Trump’s social media ban is dangerously late

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The Twitter logo: a white outline of a bird in a blue box. Pixabay

Social media has failed us and it’s time for change

Even before Trump’s 2016 presidential victory he was spreading messages of hate in the forms of racism, xenophobia, homophobia, misogyny – the list goes on and on – across the United States and the globe. Social media, specifically Twitter, became an outlet for Trump to spread harmful messages.

In recent news, Trump was banned from Twitter, adding it to a long list of sites he has been permanently removed from alongside Facebook, Instagram, TikTok, and (peculiarly) Spotify. Twitter’s decision to ban Trump from the site was in response to the domestic terrorism he incited last week that prompted many of his supporters to storm Capitol Hill. There were also other events that have taken place over the years that have been problematic and eventually led to Trump’s overdue removal.

I would argue that Twitter’s response was long overdue and should have taken place a long time ago. Their delayed action left room for Trump and his followers to spread horrible messages and lies, thus creating an unsafe environment for those who are a part of marginalized communities.

Social media platforms have a major role to play within politics because Facebook, Instagram, and Twitter are many people’s primary news source (I would also argue that this is an issue in and of itself, but that is not what I am discussing today).

Although one may argue that social media would fit into the category of “free speech” – which Americans have the right to under the First Amendment while Canadians have “Freedoms of Expression” under Section 2 of the Charter of Rights and Freedoms – it must also be acknowledged that freedoms of speech and freedom of expression do not permit hate speech, spreading fake facts, inciting violence and acts of domestic terrorism, etc.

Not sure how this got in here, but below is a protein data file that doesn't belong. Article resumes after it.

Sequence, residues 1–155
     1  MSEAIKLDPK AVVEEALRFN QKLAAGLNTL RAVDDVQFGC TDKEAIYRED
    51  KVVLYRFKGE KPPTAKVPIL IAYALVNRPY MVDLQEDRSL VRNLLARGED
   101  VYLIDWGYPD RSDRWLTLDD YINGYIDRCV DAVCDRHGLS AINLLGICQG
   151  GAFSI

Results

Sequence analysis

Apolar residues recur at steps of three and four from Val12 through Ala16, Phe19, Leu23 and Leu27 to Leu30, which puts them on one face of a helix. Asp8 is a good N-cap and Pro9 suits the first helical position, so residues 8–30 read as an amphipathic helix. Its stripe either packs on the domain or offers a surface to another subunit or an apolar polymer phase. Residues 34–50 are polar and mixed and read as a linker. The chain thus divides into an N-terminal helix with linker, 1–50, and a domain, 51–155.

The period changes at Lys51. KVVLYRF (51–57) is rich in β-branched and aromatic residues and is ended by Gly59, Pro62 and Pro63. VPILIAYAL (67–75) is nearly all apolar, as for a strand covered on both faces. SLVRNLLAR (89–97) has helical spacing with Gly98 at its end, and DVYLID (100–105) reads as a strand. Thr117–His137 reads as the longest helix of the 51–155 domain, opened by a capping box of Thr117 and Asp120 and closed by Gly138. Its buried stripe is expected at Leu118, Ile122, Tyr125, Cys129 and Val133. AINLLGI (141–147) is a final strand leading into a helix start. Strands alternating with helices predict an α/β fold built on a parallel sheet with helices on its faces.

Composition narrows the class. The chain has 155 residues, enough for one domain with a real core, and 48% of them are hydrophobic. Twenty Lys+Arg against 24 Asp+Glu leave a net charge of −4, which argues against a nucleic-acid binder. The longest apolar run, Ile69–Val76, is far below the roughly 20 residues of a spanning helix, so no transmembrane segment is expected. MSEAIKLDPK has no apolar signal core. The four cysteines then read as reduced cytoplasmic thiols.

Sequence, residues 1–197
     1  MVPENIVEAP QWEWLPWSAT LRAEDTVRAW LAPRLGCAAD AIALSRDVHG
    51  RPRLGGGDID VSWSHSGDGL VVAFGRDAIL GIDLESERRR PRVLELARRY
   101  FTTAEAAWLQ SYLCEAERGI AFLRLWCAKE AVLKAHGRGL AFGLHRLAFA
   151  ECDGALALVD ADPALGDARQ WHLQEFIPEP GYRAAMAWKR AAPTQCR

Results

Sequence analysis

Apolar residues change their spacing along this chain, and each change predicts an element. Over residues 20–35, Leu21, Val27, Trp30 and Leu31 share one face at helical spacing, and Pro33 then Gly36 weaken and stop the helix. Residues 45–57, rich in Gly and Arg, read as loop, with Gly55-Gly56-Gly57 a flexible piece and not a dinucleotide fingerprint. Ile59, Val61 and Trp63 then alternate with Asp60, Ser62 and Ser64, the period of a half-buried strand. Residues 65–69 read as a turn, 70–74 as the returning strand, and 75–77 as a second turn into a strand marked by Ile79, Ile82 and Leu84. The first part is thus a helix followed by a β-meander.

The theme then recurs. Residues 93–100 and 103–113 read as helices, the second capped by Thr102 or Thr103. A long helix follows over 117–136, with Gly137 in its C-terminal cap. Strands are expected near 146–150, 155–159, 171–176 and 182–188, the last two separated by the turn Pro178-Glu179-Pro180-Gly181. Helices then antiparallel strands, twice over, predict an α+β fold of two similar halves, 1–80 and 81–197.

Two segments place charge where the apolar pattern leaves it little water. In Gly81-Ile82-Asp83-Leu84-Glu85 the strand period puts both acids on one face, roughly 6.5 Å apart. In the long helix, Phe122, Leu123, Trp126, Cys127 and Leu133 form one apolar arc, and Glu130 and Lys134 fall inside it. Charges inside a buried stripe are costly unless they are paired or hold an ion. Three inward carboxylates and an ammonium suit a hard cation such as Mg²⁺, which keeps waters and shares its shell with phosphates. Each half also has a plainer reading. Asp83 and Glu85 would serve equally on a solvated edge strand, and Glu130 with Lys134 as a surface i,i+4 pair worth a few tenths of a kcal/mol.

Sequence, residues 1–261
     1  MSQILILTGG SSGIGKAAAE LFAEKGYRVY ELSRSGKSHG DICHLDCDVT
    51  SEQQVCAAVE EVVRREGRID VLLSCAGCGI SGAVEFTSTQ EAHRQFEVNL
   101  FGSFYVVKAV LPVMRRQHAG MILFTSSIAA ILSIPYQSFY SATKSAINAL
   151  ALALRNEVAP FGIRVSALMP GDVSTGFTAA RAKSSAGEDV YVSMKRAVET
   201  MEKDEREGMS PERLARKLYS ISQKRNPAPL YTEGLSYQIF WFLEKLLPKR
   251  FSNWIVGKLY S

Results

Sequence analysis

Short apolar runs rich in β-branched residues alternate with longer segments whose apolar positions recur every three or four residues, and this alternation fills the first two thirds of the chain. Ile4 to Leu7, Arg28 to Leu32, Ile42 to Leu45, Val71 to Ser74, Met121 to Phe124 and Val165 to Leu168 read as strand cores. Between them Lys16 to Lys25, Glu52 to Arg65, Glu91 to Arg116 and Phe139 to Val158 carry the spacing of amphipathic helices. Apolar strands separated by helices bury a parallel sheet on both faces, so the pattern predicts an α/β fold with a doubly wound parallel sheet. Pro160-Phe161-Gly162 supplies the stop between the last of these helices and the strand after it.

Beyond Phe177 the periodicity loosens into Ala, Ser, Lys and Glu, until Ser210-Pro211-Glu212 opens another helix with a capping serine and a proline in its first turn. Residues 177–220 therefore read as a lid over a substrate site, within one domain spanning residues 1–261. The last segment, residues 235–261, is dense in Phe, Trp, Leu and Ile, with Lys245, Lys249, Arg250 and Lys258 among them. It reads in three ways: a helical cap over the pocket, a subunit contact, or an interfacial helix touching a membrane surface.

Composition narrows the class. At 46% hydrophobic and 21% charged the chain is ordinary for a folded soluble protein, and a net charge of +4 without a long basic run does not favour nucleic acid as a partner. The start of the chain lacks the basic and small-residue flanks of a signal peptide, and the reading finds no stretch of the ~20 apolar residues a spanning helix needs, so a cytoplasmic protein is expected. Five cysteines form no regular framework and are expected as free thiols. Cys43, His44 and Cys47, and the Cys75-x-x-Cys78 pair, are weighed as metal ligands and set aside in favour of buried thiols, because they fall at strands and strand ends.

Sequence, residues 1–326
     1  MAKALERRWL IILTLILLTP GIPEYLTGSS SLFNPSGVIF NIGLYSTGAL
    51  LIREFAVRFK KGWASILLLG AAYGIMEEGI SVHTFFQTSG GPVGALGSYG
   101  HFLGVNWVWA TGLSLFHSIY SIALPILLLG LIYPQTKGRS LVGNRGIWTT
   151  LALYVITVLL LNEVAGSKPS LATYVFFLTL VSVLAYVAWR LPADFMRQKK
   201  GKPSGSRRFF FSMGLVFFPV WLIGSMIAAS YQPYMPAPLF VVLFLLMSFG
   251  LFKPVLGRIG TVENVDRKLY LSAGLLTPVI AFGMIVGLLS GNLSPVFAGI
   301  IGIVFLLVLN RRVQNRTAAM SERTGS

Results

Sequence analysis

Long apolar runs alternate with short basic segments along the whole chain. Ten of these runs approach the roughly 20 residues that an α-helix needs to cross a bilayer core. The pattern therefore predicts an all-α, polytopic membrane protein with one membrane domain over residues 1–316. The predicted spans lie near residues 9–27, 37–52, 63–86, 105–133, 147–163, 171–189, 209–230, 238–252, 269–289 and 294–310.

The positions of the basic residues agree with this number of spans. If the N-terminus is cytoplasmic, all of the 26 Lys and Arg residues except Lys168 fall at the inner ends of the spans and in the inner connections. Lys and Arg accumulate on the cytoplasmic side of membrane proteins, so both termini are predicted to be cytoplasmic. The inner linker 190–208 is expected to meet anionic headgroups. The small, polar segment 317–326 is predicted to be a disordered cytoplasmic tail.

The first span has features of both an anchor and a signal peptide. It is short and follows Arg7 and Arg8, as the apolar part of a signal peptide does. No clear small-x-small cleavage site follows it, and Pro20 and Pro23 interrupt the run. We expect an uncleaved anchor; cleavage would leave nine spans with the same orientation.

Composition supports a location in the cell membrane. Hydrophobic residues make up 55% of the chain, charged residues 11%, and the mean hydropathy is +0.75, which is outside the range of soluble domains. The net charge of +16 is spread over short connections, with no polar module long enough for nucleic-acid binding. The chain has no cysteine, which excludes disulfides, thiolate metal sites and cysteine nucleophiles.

Social media platforms and the internet have become a place for people to be anonymous and say things that they would not (or at least should not) say out loud to another human. Spaces like Twitter have given each person the opportunity to hide their identity while spreading ignorance and hatred. Social media has made this acceptable by continuing to allow people space to “share their opinion” or for FOX News to “spread the teal facts.”

Social media has failed us time and time again. With minimally added “fact checking” services on platforms like Facebook – which Zuckerberg admitted in conversation with AOC are not even approved by Facebook – people, regardless of how popular and/or dangerous they are, have the ability to say nearly anything without being held accountable or recognized as false. I would argue that social media is the most influential thing in modern society and for that reason alone needs to be actively involved in politics.

Social media platforms are wonderful tools within politics for sharing facts, campaigning, getting support for petitions, etc. Yet these platforms will lose their validity if they do not start holding those using it inappropriately accountable. Personally, I think there are many other people who do not deserve accounts on social media due to their hateful, horrible actions and words.

Social media has become viewed as something that each person has a right to. It is not. It is a privilege. Those in positions of power are given much more grace than average peope. This needs to stop. And in reality, those with more power should be held on a much shorter leash to ensure that they are not misleading the public.

To social media: do better.

To Donald: bye.

Reese Estwick

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